We have a news media that is psychologically ill informed but politically inflamed, so it naturally leans toward political explanations. We have a news media with a strong distaste for Sarah Palin and the Tea Party movement, and this seemed like a golden opportunity to tarnish them. We have a segmented news media, so there is nobody in most newsrooms to stand apart from the prevailing assumptions. We have a news media market in which the rewards go to anybody who can stroke the audience’s pleasure buttons.Quite right! Opportunistic, irrelevant, and shamelessly irresponsible are a pretty good description of today's mainstream media.
I have no love for Sarah Palin, and I like to think I’m committed to civil discourse. But the political opportunism occasioned by this tragedy has ranged from the completely irrelevant to the shamelessly irresponsible.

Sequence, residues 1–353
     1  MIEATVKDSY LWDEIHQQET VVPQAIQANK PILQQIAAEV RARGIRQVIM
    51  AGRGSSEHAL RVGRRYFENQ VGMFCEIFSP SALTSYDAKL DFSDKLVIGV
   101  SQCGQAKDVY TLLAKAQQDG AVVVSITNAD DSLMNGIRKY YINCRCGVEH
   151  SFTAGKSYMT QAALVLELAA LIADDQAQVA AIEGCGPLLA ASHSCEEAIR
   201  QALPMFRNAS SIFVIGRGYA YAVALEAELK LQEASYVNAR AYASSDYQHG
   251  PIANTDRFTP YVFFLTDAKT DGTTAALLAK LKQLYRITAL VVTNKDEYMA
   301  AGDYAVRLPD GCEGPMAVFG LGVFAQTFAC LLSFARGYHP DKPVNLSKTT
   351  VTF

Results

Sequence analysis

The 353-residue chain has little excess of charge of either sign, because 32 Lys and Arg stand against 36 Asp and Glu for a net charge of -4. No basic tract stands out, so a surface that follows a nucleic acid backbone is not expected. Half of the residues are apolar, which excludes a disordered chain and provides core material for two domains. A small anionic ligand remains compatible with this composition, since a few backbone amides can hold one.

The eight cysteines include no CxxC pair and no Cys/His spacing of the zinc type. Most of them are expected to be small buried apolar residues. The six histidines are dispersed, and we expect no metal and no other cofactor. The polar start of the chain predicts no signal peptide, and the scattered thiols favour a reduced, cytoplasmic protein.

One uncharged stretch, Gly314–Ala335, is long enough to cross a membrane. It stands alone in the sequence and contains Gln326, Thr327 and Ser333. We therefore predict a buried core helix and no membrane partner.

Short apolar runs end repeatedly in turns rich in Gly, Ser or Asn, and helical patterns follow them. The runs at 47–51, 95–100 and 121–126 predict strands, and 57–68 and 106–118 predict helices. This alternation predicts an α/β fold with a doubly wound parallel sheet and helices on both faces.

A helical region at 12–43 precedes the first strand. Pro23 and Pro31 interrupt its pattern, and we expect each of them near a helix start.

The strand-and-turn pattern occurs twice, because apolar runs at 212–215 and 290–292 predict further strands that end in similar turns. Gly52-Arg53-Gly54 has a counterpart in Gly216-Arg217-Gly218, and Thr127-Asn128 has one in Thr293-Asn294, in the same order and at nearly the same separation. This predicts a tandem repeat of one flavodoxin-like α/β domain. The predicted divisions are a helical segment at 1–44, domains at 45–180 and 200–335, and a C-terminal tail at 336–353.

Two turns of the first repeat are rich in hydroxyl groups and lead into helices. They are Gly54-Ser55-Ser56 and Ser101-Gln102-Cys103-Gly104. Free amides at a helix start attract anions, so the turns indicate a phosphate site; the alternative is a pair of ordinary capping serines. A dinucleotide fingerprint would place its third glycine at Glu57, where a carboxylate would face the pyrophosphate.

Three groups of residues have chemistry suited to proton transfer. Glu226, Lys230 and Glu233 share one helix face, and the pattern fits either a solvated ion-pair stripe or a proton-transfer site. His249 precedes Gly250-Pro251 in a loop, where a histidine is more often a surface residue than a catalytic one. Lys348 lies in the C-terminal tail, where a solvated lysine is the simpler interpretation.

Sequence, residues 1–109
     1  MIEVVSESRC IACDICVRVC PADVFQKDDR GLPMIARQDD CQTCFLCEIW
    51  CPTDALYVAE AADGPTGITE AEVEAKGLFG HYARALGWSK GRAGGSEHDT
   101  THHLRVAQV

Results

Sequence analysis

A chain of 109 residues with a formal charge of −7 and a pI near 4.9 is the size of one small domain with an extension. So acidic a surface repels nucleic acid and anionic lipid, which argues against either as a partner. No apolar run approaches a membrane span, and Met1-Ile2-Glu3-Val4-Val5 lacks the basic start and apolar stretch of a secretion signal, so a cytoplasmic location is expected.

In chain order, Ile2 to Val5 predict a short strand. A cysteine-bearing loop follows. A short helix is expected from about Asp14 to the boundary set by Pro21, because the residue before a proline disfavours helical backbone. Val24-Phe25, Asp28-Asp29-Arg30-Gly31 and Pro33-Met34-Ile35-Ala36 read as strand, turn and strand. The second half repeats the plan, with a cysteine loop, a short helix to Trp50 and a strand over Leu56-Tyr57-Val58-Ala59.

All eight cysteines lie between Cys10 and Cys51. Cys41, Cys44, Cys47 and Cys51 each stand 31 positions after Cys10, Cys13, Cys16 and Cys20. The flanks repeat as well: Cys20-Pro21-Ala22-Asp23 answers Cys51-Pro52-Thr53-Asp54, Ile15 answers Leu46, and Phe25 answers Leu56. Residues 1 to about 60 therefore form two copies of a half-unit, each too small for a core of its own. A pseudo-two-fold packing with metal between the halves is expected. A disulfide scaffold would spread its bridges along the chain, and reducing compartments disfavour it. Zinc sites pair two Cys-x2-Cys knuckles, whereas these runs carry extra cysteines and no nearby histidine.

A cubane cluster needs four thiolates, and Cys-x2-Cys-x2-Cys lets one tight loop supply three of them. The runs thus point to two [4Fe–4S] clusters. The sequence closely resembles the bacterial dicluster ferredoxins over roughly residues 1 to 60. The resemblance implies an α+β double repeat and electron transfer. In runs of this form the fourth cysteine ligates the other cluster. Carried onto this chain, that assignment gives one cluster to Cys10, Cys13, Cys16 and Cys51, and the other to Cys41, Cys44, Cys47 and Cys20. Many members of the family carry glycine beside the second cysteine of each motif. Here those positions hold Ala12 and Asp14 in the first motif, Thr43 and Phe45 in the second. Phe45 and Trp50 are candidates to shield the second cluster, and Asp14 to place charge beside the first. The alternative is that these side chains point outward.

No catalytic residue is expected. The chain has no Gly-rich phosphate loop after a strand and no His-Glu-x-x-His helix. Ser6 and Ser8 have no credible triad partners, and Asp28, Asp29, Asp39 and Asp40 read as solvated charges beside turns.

Wednesday, January 12, 2011
Brooks and the Politicized Mind
David Brooks' recent column in the New York Times laments the condition of political discourse in America today and attributes it to "the politicized mind", in other words people who see everything and anything through a political prism. Unlike his colleagues at the Times, however, he does not blame "tea partiers", "extremists" or any of the other hobgoblins of the liberal imagination. His sights [if I may still use such a term] are trained on the MSM itself. He writes: